This will be our first post about a mosaic. I had a mild falling out with mosaics in the second grade when I made a 12x12 of an erupting volcano. I got a good grade on the project but this one is much better. It’s called the Alexander Mosaic and it checks in at over 1 million pieces. Its title comes from its depiction of a battle between Alexander the Great’s army and the forces under Darius III of Persia. Experts seem torn on whether it’s the battle of Issus in 333 BC or Guagemala 2 years later. I think most lean towards Issus. It was created around 100 BC for a wealthy patron in Pompeii, Italy. Mt Vesuvius buried it along with the entire city in 79 AD and the mosaic wasn’t drawn out from under its blanket of ash until 1831. It’s kind of sad to think about such a beautiful piece laying unknown and unseen for almost 2 millennia. But I have to wonder if all that ash is precisely what preserved it for us today.
Artistically this is a triumph. A lot of mosaics are two dimensional and lifeless. But in this one the shading is so effective that the figures appear naturalistic and three dimensional. For its time and medium, the Alexander Mosaic delivers excellent realism. And there is some really great storytelling here, too. The battle scene is confused and chaotic, which reminds me of the terror and desperate adrenaline surge of ancient warfare. It’s on their faces. The man making a stand to defend the retreating Darius is the king’s own brother. I’m sure you’ll agree that’s a poignant moment. And almost every commentator has been drawn to the Persian soldier in the foreground watching his own death in the reflection of his shield. The mosaic powerfully retells a macro historical moment but captures intense human drama at the same time. Well done.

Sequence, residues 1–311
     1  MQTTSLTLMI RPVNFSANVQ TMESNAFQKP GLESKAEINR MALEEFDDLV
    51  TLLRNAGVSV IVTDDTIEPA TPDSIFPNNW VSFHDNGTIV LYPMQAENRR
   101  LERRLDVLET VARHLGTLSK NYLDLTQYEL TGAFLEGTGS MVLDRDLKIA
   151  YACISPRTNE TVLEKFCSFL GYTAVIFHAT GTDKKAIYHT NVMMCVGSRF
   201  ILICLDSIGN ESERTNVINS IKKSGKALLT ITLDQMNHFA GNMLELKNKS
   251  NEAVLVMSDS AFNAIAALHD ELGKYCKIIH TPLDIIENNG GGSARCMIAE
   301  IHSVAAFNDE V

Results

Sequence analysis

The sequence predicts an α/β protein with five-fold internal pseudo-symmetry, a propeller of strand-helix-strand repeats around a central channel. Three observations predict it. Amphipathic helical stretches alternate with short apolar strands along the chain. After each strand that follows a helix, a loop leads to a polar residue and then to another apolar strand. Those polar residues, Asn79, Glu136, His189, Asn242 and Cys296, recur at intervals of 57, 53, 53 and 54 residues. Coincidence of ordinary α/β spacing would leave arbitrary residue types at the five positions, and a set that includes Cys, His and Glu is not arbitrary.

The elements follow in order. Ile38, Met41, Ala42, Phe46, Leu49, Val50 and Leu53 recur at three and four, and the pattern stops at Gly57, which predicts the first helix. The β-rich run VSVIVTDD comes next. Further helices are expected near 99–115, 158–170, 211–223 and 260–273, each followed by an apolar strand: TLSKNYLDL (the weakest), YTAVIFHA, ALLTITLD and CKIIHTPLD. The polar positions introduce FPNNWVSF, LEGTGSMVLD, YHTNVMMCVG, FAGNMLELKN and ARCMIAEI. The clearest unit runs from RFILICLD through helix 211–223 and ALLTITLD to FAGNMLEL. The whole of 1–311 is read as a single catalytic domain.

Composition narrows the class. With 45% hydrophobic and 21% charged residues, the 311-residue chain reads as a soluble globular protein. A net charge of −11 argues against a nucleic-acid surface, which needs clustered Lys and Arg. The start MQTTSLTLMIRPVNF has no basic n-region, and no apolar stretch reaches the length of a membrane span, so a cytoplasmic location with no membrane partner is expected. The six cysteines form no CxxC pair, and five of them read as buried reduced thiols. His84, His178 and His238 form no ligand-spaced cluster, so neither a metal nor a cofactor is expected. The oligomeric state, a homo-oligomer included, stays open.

You can tell from the large, bare patches that the Alexander Mosaic has lost a lot of its original splendor. That’s the norm for almost all ancient art and sculpture. And as much as I’d love to have seen it in its glory days, I also have to say that there is some beauty in all this loss, too. Instead of feeling sad at what’s gone, I sometimes feel awe inspired at how much still remains. In this case you can imagine the missing sections as a dust cloud through which Alexander charges toward victory. But that’s not really what I mean. I mean that pieces like this one almost make me emotional thinking about how enduring the creative spirit within us can be. Time has worn so much away but it’s still here and still has so much of its essential beauty. That gives me a really reassuring sense of permanence.